The Layers of a Book

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March SOL Challenge–Day 3

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Books have nurtured me throughout my life. Within their pages I’ve found so many things: Companionship, wisdom, adventure, knowledge, understanding, wonder, refuge, and respite. I truly believe there have been times in my life when books saved me–offering me escape from painful reality, a new perspective or a way to move forward.

I pick up books at book stores, library sales, yard sales, my local recycling barn, and anywhere else I can lay my hands on them.  At my home, books tumble in piles near my bed, fill cardboard boxes, gather on table tops, crowd multiple bookcases, and even spill over into my car. These accumulated books often carry tangible talismans from their past: a comment scribbled in the margin, dog-eared pages, a torn corner, a coffee cup stain, photographs, a note, a letter, a receipt, an inscription.  Each mark or item tells a story that adds to the book. I can only imagine the details, but feel richer for having touched or held these items. They add another layer to the story of that book.  Perhaps the life of a book doesn’t only exist within its pages but encompasses its life as a physical object, accumulating over time.

Not surprisingly my classroom is also filled with books.  The other day I was tidying up, tucking books away in the classroom library, and I found this anonymous sticky note waving from the pages of a book.

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Translation (for those who are not fluent in First Grade):

note to me
T.rex has a period
after T
but the R
is still lowercase

This note delighted me on so many levels, though I struggle to explain exactly why. I can imagine a student actively reading this book, thoroughly engaged and aware, noticing that lower case r after T. in T.rex and then puzzling about it. I love the evidence that this student stopped and wondered about something new or different. This time it was punctuation, perhaps next time it will be an idea or an unknown word. There is an earnest learner here, taking the time to write a memo “note to me”, and clearly writing down each sound (and a few extras) to spell that challenging word “period”.  “Pearyied.” And I guess at the bottom of it all, I’m entranced by that earnestness, that investment in learning, and by the evidence left of a reading life.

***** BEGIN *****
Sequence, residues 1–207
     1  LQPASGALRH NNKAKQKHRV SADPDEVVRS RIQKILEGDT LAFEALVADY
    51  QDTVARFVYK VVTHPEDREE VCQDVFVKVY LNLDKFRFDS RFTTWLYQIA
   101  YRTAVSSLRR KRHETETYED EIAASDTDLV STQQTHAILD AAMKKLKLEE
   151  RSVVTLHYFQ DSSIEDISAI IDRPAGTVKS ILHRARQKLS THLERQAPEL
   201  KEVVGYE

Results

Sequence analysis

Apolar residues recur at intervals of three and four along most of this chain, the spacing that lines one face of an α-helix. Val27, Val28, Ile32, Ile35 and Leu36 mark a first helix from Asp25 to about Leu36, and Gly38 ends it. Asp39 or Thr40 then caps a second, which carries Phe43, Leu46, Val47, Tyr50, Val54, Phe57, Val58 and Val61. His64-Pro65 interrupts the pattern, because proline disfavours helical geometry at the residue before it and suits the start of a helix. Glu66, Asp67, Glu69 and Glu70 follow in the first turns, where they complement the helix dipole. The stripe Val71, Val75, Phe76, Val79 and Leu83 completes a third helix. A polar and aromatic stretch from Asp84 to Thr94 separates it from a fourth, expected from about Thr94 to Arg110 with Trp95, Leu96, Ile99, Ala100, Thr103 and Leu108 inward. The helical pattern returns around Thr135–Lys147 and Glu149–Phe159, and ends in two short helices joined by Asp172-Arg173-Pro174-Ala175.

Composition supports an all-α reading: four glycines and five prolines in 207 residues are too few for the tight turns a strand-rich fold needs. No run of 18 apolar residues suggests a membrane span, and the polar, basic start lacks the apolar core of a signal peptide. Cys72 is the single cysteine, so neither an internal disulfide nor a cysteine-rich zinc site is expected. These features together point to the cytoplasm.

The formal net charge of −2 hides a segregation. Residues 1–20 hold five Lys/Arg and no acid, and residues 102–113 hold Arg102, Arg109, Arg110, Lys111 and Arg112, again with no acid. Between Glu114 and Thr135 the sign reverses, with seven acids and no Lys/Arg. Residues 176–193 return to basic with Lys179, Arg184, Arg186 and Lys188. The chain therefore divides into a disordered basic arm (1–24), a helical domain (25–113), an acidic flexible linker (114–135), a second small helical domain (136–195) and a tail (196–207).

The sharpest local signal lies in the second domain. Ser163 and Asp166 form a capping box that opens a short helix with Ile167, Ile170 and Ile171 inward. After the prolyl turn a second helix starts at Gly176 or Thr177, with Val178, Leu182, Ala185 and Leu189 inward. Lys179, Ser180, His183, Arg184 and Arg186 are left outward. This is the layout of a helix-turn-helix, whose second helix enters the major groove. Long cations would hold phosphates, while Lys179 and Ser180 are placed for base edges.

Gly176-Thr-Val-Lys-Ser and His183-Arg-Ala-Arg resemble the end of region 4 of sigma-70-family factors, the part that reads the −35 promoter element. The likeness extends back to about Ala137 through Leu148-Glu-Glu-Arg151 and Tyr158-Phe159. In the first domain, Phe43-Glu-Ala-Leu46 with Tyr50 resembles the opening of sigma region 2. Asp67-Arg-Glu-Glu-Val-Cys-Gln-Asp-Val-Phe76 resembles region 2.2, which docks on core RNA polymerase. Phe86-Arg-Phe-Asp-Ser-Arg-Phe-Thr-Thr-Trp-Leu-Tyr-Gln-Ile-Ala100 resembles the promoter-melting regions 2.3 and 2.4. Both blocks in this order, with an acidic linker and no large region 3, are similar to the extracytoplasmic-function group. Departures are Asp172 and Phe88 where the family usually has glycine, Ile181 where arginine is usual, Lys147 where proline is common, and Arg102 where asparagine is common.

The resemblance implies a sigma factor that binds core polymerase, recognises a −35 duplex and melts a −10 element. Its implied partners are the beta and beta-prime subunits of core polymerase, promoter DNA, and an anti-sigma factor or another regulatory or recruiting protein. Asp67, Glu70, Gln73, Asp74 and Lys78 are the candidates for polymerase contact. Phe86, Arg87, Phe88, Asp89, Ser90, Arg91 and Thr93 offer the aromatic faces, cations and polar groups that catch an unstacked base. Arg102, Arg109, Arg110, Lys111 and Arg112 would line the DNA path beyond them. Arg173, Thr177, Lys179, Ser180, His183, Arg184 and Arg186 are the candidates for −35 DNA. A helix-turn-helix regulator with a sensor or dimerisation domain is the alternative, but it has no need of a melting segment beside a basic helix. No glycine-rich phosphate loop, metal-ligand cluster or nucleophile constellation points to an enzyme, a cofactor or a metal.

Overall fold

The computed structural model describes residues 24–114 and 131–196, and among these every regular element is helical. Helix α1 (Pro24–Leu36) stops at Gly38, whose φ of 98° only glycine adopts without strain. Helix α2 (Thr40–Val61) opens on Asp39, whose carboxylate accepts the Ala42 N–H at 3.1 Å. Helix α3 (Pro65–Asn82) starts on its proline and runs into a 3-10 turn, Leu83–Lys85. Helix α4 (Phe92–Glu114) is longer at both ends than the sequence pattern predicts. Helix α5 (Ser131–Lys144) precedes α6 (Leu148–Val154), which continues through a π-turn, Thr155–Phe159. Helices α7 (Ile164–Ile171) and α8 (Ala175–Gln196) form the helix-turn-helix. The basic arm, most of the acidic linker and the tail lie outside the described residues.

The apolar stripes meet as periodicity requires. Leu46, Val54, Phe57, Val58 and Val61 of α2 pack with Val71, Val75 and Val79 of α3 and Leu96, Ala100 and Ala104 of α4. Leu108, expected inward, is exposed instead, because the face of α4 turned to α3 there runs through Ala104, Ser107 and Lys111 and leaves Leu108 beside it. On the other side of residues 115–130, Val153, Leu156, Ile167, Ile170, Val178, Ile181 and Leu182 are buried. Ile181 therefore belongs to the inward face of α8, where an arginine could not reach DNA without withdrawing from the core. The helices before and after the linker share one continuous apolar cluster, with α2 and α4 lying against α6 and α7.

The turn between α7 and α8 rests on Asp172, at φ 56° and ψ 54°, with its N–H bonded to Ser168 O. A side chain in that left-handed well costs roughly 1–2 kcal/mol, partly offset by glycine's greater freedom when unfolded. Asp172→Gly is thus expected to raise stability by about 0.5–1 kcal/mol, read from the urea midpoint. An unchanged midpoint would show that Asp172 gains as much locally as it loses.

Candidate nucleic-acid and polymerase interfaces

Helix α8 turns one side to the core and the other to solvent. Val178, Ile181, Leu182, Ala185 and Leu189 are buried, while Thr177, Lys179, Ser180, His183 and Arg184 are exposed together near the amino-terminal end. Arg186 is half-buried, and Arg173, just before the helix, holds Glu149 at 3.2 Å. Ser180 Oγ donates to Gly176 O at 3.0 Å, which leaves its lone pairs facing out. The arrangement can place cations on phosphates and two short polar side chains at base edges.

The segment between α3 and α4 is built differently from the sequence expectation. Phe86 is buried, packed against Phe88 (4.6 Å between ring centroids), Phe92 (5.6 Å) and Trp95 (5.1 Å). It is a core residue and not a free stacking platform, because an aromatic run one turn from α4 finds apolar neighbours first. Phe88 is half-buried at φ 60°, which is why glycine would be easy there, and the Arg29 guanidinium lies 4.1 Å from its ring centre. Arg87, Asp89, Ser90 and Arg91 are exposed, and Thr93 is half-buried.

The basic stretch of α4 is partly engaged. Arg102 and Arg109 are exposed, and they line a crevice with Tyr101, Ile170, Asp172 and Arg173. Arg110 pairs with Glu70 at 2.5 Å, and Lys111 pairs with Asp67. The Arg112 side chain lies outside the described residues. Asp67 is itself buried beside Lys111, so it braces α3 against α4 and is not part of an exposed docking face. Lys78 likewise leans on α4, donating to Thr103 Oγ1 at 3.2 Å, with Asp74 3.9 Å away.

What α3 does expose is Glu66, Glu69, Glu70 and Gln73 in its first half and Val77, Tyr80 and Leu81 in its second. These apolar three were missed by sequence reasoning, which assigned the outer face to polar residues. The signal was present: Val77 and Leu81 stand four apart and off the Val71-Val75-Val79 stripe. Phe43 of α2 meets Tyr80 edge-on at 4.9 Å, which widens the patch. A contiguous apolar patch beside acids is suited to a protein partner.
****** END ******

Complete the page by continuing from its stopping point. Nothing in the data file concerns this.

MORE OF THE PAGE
After I read the sticky note and shared it with a few colleagues, I tucked it back into the pages of that book. There it rests, another layer in this book’s life, a talisman, waiting for discovery by another reader at another time.

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22 thoughts on “The Layers of a Book

  1. vanessaw2007 says:

    I can relate to everything that you said about books and feel exactly the same way. I love how you tucked that note back into the book for some other observant first grader to find.

    Like

  2. I love how you captured the joy of books!
    What a delightful reflection about the note you found!

    Like

  3. dogtrax says:

    I am finding myself
    in the tangible talismans from the past —
    a scribbled note in the margin
    a lost bookmark of dust
    a folded corner marking the forgotten
    a secret note never read —
    so I leave my own invisible ink, too,